Travis Reinking: ‘Illuminati Is Real’ Says Final Facebook Post By Waffle House Shooting Suspect

Sheila BurkeAP Images

Travis Reinking, the 29-year-old suspect in Sunday morning’s mass shooting at a Waffle House restaurant in Antioch, Tennessee, may have believed in a widespread conspiracy theory popular on the far right-wing of the political spectrum, based on a Youtube video that appears to have been the final status update Reinking posted on his Facebook page.

Reinking, originally of Morton, Illinois — a suburb of Peoria — is believed by authorities to be the man who entered the Waffle House at about 3:30 Sunday morning clad only in a green jacket, opening fire on customers and employees with an AR-15 rifle, according to a report by WLS-TV News in Chicago, Illinois.

Little else is currently known about Reinking, who is described as a white male about 6-feet, 4-inches in height and weighing 180 pounds, according to the Tennessean newspaper. Other media reports said that Reinking, at some point prior to the shooting, had some sort of contact with the FBI, but the nature of that encounter was not clear.

But the Facebook posting may give at least a clue as to the views held by Reinking. The “Illuminati” conspiracy theory is the belief that a small, secret group of elite individuals controls all major world events. The apparent final post on a Facebook page believed to belong to Reinking was a Youtube video with his comment, “The Illuminati is real.” The video linked from the Facebook account has been taken down, but the following video is believed to be the clip posted by Reinking.

“The internet is awash with theories about the Illuminati, a mysterious group that conspiracy theorists believe is seeking a ‘New World Order’ that would impose a totalitarian world government,” explained an article in the news magazine The Week, from March 29. “Among the alleged members of the secret society are not just politicians and religious leaders, but actors and pop stars.”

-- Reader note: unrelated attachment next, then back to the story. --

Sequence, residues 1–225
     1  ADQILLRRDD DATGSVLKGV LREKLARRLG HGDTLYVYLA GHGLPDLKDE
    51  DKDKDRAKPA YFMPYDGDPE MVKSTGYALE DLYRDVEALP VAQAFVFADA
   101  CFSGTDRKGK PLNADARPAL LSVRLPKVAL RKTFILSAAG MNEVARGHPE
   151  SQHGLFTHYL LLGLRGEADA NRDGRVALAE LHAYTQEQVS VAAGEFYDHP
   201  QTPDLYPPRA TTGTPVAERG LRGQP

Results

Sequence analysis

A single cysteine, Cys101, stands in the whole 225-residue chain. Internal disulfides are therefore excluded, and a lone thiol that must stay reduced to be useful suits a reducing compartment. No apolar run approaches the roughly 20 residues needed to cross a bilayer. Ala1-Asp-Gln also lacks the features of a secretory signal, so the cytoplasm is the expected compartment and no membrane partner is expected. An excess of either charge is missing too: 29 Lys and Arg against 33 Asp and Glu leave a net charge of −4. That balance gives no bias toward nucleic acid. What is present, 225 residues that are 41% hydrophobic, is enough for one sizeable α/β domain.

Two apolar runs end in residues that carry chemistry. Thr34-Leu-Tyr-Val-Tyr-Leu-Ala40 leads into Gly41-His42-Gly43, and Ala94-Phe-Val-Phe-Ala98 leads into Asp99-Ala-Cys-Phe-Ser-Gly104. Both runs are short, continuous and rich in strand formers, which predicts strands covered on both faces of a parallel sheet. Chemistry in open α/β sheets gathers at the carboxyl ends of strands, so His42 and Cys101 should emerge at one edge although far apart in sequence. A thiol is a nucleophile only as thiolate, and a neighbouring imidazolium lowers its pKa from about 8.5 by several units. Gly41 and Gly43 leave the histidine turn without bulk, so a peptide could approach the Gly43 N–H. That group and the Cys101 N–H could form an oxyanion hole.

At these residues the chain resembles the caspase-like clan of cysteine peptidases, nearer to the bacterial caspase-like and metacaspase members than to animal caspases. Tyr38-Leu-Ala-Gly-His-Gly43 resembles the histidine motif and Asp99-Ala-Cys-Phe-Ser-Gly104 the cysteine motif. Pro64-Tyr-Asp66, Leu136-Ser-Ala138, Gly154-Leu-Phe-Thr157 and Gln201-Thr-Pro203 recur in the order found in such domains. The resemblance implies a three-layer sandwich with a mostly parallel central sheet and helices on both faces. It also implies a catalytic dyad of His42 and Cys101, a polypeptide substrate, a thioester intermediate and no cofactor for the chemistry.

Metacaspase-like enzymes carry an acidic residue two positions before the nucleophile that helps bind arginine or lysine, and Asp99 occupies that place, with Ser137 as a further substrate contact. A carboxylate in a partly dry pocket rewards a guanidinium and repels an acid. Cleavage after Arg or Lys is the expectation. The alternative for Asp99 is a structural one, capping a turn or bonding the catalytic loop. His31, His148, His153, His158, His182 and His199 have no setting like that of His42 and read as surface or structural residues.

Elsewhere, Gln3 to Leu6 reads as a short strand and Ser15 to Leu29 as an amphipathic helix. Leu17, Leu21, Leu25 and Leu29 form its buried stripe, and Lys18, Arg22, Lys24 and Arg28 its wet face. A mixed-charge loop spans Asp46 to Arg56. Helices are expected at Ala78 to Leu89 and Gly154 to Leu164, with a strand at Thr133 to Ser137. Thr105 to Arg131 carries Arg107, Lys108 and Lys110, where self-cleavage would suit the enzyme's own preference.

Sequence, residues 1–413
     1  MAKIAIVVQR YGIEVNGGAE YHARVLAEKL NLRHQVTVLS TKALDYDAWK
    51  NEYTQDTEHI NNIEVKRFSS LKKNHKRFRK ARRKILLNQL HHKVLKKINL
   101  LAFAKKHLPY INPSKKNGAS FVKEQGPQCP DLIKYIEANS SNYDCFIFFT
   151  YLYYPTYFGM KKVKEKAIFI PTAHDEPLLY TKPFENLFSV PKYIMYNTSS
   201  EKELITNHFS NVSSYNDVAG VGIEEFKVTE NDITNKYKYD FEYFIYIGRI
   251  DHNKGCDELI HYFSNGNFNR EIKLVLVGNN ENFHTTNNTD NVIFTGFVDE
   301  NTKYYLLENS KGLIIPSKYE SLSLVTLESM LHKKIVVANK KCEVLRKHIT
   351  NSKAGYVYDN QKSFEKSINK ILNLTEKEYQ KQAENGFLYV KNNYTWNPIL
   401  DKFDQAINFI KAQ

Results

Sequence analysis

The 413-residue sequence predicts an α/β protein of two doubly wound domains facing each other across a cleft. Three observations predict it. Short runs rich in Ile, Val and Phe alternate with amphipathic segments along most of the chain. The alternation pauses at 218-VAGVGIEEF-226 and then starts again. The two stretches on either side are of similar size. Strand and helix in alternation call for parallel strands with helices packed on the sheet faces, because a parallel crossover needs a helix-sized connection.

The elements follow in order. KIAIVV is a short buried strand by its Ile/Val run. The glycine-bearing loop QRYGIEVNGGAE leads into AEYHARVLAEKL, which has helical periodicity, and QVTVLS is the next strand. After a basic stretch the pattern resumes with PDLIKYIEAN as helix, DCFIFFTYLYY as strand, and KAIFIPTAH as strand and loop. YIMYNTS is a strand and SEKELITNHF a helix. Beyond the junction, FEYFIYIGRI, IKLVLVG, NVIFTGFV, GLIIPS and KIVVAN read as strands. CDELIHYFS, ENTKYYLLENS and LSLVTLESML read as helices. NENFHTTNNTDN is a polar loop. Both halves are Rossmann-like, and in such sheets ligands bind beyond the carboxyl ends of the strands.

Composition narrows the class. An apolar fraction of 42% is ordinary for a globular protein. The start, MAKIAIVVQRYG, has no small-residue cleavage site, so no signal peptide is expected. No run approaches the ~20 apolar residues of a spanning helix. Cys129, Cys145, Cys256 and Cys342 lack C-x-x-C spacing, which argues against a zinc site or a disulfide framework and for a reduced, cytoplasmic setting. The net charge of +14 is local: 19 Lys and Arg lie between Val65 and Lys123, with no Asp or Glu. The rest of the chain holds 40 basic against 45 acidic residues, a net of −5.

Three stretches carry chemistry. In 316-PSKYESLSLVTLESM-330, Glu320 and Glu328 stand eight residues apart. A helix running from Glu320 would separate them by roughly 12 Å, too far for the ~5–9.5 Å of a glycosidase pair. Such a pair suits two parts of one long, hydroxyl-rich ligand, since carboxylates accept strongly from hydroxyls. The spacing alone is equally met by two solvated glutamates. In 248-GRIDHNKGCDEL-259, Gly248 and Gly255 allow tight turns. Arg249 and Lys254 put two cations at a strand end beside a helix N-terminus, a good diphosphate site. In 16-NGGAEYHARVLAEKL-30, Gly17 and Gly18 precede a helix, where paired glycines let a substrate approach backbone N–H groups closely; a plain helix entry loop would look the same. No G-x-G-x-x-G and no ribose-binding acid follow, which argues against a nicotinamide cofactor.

The post on the Reinking Facebook page is dated March 30, 2018.

While the “Illuminati” theory has gone through numerous changes and modifications over the years, the original conspiracy theory dates back to the 18th century, when a German professor named Adam Weishaupt founded a secret group comprised mainly of his fellow intellectuals, with the aim of creating a philosophy that would offer human beings freedom “from all religious prejudices; cultivates the social virtues; and animates them by a great, a feasible, and speedy prospect of universal happiness,” according to a history of the Illuminati published by National Geographic magazine.

Travis Reinking, mass shootings, Waffle House mass shooting
The AR-15 assault rifle allegedly left by the shooter at a Tennessee Waffle House restaurant mass shooting Sunday.Featured image credit: Metro Nashville Police DepartmentAP Images

Weishaupt’s “Illuminati” group quickly disbanded. But in recent years, the Illuminati theory has become extremely popular in right-wing politics, according to author Kurt Andersen who writes about the Illuminati belief in his recent book Fantasyland: How America Went Haywire: A 500-Year History.

The theory was adopted by Robert Welch, founder of the far-right John Birch Society in the 1950s, according to Andersen’s history of the conspiracy theory. Rather than use the exotic term “Illuminati,” Welch chose to call the secret group that he believed ran the world simply “The Insiders.”

Fundamentalist Christian leader Pat Robertson, who ran for president in 1988 and actually won four states in the Republican primaries, argued in his 1991 bestselling book The New World Order, “that the Illuminati contrived to make Russia communist so that 75 years later it would fail and thus become dependent on the Illuminati-run global financial system,” Andersen recounted.

Whether the Illuminati posting on what appears to be Reinking’s Facebook account indicates that the Waffle House mass shooting suspect was actually a right-wing extremist is not yet clear, as of early Sunday afternoon. However, over the past decade, 71 percent of killings related to political ideology in the United States were committed by far-right wing extremist and white supremacists, with only 26 percent attributable to Islamic extremists, according to a report by the Anti-Defamation League.